Skip to main content

Rangers' defense carrying the offensive load

by Dave Lozo

New York Rangers defenseman Dan Girardi didn't just sit back and wait for the puck to come to him after Brad Richards won an offensive-zone faceoff in the third period of Game 3 of the Eastern Conference Finals. Instead, Girardi skated toward the puck and fired a shot from the right circle that beat Devils goaltender Martin Brodeur to the stick side for his second game-winning goal of the series.

Girardi is the epitome of the Rangers' blue line, a hard-working grinder who never has met a shot he didn't want to block. But if things continue like this during the 2012 Stanley Cup Playoffs, the Rangers' defensemen are going to be more known for creating offense instead of preventing it.



30 goals, 150 pts in 82 games, 5 GWG in 51 wins
- 13.5 percent of goals (222)
- .37 goals per game
- 1.83 points per game
- 3 PP goals
- 553 shots/6.74 per game
Del Zotto: 0.53 points per game
McDonagh: 0.39 points per game
Girardi: 0.35 points per game
Stralman: 0.34 points per game
Bickel: 0.18 points per game
Staal: 0.11 points per game


11 goals, 34 pts in 17 games, 5 GWG in 10 wins
- 29.7 percent of goals (37)
- 6 PP goals
- 0.65 goals per game
- 2 points per game
- 148 shots/8.7 per game

Girardi: 0.65 points per game
Del Zotto: 0.53 points per game
Staal: 0.35 points per game
Stralman: 0.35 points per game
McDonagh: 0.12 points per game
Bickel: 0.00 points per game

-- Dave Lozo

If this outbreak of offense seems mystifying, take solace in the fact Girardi has a hard time explaining it, too.

"I'm not really sure," said Girardi, who has three game-winning goals in the playoffs. "Our game plan is just to get our [defensemen] in the rush and create maybe some four- or five-man rushes, and it's happened that some of our shots are going in right now. We're all just trying to get the puck to the net and get it down to the forwards for tips and screens. We're fortunate some our shots are going in right now."

Here are just a few of the jaw-dropping numbers the Rangers' defensemen have posted during the postseason:

* They have 11 goals in 17 games after scoring just 30 goals in 82 regular-season games.

* They have five game-winning goals, matching their total from the regular season.

* They have six power-play goals after scoring only three in the regular season.

* They have accounted for 29.7 percent of the offense, up from 13.5 percent in the regular season.

Girardi is first among defensemen in postseason scoring with 11 points while Michael Del Zotto is second with nine points. With the Rangers drowning in their own offensive ineptitude at times in the playoffs, goals from the blue line have been a life preserver keeping them afloat.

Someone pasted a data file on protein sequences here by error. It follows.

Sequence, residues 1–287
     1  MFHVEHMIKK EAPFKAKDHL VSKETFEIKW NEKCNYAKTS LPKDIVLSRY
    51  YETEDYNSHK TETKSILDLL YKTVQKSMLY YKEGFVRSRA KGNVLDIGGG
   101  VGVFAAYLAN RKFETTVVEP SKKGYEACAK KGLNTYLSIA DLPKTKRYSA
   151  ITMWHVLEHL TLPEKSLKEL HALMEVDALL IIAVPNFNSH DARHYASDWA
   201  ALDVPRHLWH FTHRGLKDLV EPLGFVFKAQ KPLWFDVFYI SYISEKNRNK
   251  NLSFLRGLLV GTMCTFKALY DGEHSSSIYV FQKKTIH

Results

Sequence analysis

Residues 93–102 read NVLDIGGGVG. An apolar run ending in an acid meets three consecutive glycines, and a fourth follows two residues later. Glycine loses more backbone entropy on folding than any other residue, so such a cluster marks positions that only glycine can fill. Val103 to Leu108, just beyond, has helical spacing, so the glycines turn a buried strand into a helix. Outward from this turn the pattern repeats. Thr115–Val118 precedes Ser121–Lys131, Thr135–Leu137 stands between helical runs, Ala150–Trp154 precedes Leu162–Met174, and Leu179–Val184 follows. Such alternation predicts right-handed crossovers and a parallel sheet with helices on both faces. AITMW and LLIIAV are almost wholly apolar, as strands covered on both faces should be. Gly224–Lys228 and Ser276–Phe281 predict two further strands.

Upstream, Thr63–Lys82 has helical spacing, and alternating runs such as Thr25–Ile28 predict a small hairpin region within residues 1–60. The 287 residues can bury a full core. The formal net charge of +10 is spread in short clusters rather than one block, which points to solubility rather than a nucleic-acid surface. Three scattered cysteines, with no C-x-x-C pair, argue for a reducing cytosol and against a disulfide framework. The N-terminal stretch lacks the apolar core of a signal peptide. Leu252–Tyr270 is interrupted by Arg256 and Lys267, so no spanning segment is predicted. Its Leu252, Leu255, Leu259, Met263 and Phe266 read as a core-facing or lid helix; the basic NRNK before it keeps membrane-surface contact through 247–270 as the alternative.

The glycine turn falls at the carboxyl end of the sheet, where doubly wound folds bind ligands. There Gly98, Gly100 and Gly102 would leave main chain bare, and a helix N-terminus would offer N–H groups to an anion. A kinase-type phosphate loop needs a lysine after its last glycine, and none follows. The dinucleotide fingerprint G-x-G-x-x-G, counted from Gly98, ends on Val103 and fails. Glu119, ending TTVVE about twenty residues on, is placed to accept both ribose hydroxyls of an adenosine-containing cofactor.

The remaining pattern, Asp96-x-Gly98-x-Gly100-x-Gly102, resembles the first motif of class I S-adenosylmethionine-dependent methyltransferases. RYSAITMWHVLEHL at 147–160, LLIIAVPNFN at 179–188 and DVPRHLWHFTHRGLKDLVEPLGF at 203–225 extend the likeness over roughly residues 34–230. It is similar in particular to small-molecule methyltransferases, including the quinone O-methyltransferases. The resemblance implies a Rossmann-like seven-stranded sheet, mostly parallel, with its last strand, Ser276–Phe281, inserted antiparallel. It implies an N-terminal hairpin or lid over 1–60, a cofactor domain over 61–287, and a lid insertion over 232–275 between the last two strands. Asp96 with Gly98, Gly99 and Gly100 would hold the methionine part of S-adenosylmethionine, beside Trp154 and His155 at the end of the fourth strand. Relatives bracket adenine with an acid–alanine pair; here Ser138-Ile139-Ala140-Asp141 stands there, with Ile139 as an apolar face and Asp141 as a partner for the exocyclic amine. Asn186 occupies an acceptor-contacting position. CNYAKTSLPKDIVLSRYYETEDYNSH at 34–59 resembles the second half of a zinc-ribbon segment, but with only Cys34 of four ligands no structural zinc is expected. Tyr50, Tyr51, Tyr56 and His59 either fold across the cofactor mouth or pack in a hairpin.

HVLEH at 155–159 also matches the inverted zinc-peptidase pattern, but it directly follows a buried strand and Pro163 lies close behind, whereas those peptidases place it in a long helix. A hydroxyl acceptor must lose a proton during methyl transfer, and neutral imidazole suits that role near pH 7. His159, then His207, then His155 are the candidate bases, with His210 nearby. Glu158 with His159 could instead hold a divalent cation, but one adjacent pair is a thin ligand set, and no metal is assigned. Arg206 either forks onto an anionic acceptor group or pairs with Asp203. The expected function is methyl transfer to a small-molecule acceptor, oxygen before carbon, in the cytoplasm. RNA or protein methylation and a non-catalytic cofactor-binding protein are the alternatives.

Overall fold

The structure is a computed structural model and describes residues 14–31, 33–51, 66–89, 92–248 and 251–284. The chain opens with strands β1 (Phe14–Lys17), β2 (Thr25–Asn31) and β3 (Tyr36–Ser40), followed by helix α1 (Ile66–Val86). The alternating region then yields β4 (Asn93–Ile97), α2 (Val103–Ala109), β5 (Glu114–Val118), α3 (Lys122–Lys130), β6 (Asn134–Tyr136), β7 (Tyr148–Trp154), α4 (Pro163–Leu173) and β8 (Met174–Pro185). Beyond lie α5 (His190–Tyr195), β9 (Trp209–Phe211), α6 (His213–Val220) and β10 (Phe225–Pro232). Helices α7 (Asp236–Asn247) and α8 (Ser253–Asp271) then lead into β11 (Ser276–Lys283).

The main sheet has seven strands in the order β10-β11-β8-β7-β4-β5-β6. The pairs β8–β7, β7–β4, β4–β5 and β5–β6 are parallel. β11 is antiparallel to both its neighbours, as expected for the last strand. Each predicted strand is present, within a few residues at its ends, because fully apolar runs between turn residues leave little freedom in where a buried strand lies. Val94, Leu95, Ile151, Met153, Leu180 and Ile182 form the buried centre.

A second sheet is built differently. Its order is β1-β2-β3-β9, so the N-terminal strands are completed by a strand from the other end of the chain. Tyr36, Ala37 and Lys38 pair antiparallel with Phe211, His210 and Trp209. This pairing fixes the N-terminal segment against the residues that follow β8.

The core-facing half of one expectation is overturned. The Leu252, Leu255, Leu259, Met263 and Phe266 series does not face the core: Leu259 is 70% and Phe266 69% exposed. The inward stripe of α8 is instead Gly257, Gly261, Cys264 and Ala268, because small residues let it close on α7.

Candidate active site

"It's very important," Rangers coach John Tortorella said. "Goals are tough to come by throughout the playoffs here. And if you're getting some from your back end, I think we're 1-2 there right now. Danny with three game-winners, it's certainly helping. We're hoping to get other guys going, but until then that's part of the offense. That's a big part of the offense in the National Hockey League."

The simple explanation for the jump in goals is the increase in shots.

During the regular season, Rangers defensemen averaged about 6.7 shots per game; in the postseason, that number has increased to 8.7 per game. Some of it has to do with the style of playoff hockey in which almost every team -- especially the Senators and Capitals, the Rangers' opponents in the first two rounds -- packs five defenders around the crease. That leaves forwards no choice but to feed the puck to the defensemen for shots from the point.

"Our game plan is just to get our [defensemen] in the rush and create maybe some four- or five-man rushes, and it's happened that some of our shots are going in right now."
-- Rangers' defenseman Dan Girardi

That appeared to be a smart strategy entering the postseason, as the Rangers didn't possess much in the way of high-scoring defensemen outside of Del Zotto, who had 10 goals and 41 points in 77 games. Second-leading scorer at the blue line Ryan McDonagh actually has seen his numbers take a dramatic drop, from 32 points to two points.

While Girardi nearly has doubled his offensive output in the playoffs, from 0.35 points per game to 0.65 per game, the resurgence of Marc Staal has been the most dramatic. He missed the first 36 games of the regular season with a concussion and had just two goals and three assists in 46 games. But he has exceeded that in the postseason with three goals -- two on the power play, one game-winner -- and three assists.

"I think anytime in the playoffs, it gets so congested and tight defensively that if you can join and make them back off a little bit and get your shots through, it will help our forwards out big time," Staal said. "Lately, we've been helping out that way. It's been a lot of fun."

Follow Dave Lozo on Twitter: @DaveLozo

View More

The NHL uses cookies, web beacons, and other similar technologies. By using NHL websites or other online services, you consent to the practices described in our Privacy Policy and Terms of Service, including our Cookie Policy.